My mother is an 87-year-old from Northern Maine suffering from diabetes, deafness and a number of other physical challenges. She is a fiercely independent woman whose independence was dissipating rapidly in the week prior to her emergency admission to CMMC a few days prior to Thanksgiving.
Being hospitalized symbolizes loss for most people, and my mother is no exception. Our street clothes are promptly exchanged for a hospital gown. What we would choose to eat becomes limited to the hospital menu and is prepared differently than that which we might be accustomed. We may lose control over very private things such as toileting and bathing, this vulnerability is understandably magnified.
The antidote to vulnerability is assurance. Assurance comes in a variety of forms, and often includes feeling understood and cared for by another person; feeling confident in a caregiver’s abilities and professionalism; knowing that another person will "be there" for you; and being made to feel comfortable and accepted in awkward situations, such as losing control over basic bodily functions and the like. Situations encountered every day by nurses, but not so by the patients they care for.
"Assurance" was "personified" for my mother and for our family during her stay on the third floor of the Thompson Wing by an RN named Tamika Harris. Tamika stands tall in stature and taller yet in the calm, personable, professional, and friendly manner in which she delivers patient care. Tamika allayed my mother’s fears. My mother felt safe physically and emotionally in her care. Both Tamika and Sandy (the tech working with her) had a special way of assuring my mom that everything was ok and that she needn’t concern herself with some of the less than glamorous tasks that they sometimes had to attend to in her care. Her embarrassment went out the window when they walked in the door.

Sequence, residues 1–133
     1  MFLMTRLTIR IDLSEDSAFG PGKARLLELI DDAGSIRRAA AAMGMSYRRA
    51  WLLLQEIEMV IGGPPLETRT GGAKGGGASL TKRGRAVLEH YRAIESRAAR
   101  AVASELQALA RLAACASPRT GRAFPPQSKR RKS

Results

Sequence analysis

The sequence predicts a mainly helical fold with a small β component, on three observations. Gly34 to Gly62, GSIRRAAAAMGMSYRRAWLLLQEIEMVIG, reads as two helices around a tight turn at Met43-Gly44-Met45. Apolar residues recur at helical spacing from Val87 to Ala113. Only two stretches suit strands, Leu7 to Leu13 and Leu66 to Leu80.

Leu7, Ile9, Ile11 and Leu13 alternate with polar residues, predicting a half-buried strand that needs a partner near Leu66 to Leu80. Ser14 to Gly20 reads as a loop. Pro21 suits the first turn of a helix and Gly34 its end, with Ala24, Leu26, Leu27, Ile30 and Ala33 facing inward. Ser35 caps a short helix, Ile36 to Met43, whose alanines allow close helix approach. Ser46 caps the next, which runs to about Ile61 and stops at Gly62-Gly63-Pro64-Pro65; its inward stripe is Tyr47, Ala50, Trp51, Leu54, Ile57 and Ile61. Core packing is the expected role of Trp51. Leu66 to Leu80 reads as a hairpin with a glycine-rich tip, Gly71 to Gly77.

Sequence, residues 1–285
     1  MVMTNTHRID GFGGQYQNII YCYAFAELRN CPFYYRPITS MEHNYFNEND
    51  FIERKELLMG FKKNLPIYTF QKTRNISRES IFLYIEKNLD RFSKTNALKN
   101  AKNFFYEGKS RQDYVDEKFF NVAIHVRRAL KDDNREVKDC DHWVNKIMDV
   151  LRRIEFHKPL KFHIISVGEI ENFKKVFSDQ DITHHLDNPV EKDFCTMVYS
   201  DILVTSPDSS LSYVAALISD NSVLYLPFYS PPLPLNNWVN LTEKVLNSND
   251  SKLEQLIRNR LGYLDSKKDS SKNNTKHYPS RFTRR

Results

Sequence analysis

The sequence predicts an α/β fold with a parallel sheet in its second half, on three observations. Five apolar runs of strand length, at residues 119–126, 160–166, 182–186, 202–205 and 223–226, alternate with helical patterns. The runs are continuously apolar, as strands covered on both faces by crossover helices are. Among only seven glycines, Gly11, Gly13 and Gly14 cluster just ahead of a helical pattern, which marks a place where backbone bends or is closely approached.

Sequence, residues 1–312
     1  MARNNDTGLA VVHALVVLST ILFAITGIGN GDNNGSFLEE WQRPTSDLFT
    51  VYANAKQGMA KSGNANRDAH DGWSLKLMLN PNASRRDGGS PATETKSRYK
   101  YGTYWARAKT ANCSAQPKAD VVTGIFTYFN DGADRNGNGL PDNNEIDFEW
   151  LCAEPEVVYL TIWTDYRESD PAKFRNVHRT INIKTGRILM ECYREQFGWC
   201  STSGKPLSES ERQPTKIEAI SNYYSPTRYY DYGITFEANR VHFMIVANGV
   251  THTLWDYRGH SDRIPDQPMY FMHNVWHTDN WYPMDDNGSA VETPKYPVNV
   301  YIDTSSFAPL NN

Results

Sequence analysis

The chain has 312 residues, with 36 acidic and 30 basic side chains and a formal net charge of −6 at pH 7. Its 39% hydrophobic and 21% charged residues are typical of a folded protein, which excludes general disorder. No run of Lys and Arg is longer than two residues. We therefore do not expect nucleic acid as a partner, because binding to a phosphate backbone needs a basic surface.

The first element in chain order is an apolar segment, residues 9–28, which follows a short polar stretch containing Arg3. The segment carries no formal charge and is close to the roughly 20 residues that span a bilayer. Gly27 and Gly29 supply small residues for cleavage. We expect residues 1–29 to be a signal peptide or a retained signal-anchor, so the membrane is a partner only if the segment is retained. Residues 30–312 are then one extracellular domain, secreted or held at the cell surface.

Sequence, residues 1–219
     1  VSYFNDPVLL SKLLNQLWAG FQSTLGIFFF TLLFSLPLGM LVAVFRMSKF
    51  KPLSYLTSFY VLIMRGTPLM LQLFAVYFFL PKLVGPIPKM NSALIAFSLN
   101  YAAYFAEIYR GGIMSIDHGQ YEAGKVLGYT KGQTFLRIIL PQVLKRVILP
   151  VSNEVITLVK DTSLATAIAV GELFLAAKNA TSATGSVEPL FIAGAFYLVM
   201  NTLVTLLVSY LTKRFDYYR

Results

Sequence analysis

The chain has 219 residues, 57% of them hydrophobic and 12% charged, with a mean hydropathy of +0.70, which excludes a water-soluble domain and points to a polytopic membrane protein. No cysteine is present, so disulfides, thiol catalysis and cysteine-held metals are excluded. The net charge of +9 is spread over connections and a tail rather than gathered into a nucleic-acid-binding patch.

If they are lucky, many if not most families encounter that special nurse that they trust completely to care for their loved one. The one that when they know that he or she is on duty that they can leave the hospital and not worry about their loved one, or perhaps worry just a bit less. For my mother and for our family, that special nurse was Tamika. All of the nurses that we encountered at CMMC were just wonderful and I would label them as "the cream of the crop". They do the Institution proud. With that being said, Tamika further distinguishes herself as being among "the cream of the cream". She’s a young woman with teenagers at home who in addition to working full-time is continuing her nursing education. She is to be commended for her exceptional work. May she serve CMMC proudly for many years to come!